It was not the responsibility of the building contractor to realise that the employer's project specifications were imprecise. Consequently, the contractor's deviations from the project specifications could not be considered defects, and the employer was not entitled to terminate the contract for breach.

An employer contracted with a building contractor for the conversion of a property which involved the installation of new dormers. The project specifications had been prepared by the employer in co-operation with a family member who was a retired engineer. It was agreed between the parties that the General Conditions for the provision of works and supplies within building and engineering (AB 92) were to apply.  According to section 2.2 of the General Conditions, the employer's project specifications are to be unambiguous and presented so as to make clear the extent and nature of the services. It follows from section 10.1 that the contractor is to perform the work "in accordance with the provisions of the contract, with due professional care and skill or in accordance with any instructions given by the employer".  

As the conversion work proceeded, a disagreement arose between the employer and the contractor as to whether the dormers were built with the proper dimensions. The problem was that not all dimensions were indicated directly in the project drawings. Also, the parties disagreed as to whether they had agreed on a specific file format for project drawings. In that format, the drawings and the dimensions could be read precisely.

The contractor offered to replace the dormers at the expense of the employer. The employer refused the offer and demanded replacement of the dormers as part of a defects rectification process. As the parties failed to agree, the employer terminated the construction contract for breach.

The contractor sued the employer for wrongful termination of the contract. The contractor maintained that the dormers were essentially built in accordance with the project specifications and that consequently they were not defective. The contractor was also of the opinion that the employer had to bear the risk that the project specifications later proved to be imprecise, which did not come to the attention of the contractor until the disagreement arose.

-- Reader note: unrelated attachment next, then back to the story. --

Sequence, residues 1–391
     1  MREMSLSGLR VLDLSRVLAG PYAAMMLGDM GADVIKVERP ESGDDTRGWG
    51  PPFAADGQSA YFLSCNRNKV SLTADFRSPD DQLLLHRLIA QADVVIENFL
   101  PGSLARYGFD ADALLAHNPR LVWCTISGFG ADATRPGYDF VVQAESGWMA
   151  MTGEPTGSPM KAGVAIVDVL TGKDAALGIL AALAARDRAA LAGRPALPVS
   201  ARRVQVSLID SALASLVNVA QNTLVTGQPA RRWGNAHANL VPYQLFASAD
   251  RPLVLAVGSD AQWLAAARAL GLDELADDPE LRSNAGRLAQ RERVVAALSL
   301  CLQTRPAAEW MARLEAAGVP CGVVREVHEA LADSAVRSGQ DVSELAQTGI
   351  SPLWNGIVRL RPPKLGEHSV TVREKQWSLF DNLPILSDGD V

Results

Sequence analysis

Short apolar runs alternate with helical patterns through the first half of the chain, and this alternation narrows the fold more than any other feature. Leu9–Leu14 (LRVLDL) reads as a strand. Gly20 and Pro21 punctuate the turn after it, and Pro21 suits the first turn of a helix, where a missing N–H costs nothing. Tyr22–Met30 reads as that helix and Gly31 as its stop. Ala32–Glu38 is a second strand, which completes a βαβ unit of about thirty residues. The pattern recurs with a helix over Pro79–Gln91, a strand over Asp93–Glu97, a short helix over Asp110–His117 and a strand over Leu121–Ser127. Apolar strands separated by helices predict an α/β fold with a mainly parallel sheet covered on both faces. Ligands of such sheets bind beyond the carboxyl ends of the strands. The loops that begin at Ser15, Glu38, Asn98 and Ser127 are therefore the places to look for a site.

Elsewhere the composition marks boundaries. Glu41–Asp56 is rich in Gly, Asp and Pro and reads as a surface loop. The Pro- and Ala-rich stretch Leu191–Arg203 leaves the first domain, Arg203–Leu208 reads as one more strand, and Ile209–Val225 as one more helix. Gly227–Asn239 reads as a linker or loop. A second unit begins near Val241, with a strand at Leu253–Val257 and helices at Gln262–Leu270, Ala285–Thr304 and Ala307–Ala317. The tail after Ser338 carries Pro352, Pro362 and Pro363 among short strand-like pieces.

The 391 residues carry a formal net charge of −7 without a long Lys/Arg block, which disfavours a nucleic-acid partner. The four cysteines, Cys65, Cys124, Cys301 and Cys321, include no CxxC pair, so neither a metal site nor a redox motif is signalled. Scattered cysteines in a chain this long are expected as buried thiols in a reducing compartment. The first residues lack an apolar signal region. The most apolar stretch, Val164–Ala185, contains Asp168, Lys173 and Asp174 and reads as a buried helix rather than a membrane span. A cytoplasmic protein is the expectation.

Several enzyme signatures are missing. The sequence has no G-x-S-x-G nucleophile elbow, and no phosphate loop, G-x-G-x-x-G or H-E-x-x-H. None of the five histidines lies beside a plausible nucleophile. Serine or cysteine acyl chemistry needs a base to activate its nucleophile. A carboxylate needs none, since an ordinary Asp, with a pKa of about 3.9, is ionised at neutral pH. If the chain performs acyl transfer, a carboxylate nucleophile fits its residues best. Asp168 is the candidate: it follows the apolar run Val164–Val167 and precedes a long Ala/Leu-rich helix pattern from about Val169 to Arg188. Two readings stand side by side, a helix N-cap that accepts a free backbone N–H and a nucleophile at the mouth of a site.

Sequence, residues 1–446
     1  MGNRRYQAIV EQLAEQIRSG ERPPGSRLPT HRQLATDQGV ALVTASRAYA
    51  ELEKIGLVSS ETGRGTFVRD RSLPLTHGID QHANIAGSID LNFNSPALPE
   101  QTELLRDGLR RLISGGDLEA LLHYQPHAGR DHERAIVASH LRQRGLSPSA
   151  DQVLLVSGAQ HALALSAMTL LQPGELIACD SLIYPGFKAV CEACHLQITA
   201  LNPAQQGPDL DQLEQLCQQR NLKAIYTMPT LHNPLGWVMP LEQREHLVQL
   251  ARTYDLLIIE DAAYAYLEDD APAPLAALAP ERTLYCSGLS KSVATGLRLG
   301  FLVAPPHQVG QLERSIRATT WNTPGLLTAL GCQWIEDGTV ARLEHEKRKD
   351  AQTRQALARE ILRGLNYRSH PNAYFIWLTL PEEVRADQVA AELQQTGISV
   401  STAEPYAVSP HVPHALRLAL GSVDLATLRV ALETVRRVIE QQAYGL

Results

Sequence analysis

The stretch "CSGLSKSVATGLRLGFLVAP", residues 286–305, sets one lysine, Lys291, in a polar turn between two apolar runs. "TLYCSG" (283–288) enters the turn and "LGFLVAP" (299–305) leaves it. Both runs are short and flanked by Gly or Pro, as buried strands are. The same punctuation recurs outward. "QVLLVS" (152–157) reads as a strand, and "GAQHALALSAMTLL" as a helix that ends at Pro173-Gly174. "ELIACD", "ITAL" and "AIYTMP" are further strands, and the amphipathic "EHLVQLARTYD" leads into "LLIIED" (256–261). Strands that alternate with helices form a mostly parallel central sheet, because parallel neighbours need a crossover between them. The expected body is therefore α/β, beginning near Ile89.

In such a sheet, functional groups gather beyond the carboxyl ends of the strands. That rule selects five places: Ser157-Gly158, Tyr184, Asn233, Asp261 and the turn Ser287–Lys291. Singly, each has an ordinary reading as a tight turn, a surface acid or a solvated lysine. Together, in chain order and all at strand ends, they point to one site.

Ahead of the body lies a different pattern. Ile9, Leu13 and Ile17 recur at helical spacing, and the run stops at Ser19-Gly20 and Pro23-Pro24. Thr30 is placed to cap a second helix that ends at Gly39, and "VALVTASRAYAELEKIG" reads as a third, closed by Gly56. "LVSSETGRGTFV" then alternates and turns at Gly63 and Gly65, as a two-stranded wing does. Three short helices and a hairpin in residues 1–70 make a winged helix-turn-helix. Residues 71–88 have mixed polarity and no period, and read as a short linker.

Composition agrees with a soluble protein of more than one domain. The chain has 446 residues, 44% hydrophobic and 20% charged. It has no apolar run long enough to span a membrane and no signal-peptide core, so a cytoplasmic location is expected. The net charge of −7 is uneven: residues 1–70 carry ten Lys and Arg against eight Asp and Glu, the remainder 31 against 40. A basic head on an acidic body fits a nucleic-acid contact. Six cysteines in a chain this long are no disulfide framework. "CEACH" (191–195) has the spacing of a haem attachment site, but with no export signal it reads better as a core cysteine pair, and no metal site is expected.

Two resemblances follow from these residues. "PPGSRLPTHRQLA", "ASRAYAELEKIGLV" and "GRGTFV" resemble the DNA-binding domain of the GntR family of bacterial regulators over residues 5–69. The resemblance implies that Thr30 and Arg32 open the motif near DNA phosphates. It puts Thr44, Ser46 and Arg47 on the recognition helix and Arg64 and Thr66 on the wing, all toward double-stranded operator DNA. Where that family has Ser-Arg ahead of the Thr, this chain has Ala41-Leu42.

The employer denied that the project specifications were unclear and submitted that the contractor should merely have inquired into the part of the project specifications which gave rise to uncertainty as to the dimensions.  

The District Court had one opinion while the High Court had another

The District Court held that the parties had assumed that the file format mentioned was to be used. Consequently, the District Court attached weight to the statements of the expert that the missing dimensions could be found by using that file format. As the project specifications were sufficiently precise, the deviations in the dormers constituted a material defect. The District Court therefore ruled against the contractor who appealed against the judgment to the High Court.  

The High Court reached a different outcome. In the High Court judgment, importance was attached to the statements of the expert that the project specifications were not sufficiently instructive and lacked important indications of dimensions. The High Court was not satisfied that the file format mentioned had been agreed between the parties. Therefore, it was not the responsibility of the contractor to see the ambiguities resulting from the employer sending drawings in this format. The risk of unclear points lay with the employer, and the deviations from the project specifications could consequently not be deemed to be a defect. As there was then no defect, the employer had not been entitled to terminate the construction contract for breach. The employer therefore had to bear the costs of replacing the dormers and the contractor had to pay damages for termination for breach.

IUNO's opinion

The drawings constituted a substantial part of the contractual basis between the parties to the building project. This decision establishes that it is the employer who is responsible for the specification of the building project. It is therefore important to have an eye for the details of the project specifications. IUNO recommends a careful review of the drawings to ensure that there is no doubt as to its interpretation and that all important details are clear. If a party wishes to use a specific file format for the project specifications, it should appear from the contract.  In this case it may have played a role that the employer was advised by a building consultant in the design of the project specifications. [

High Court judgment of 17 December 2012, case no. B-3759-11]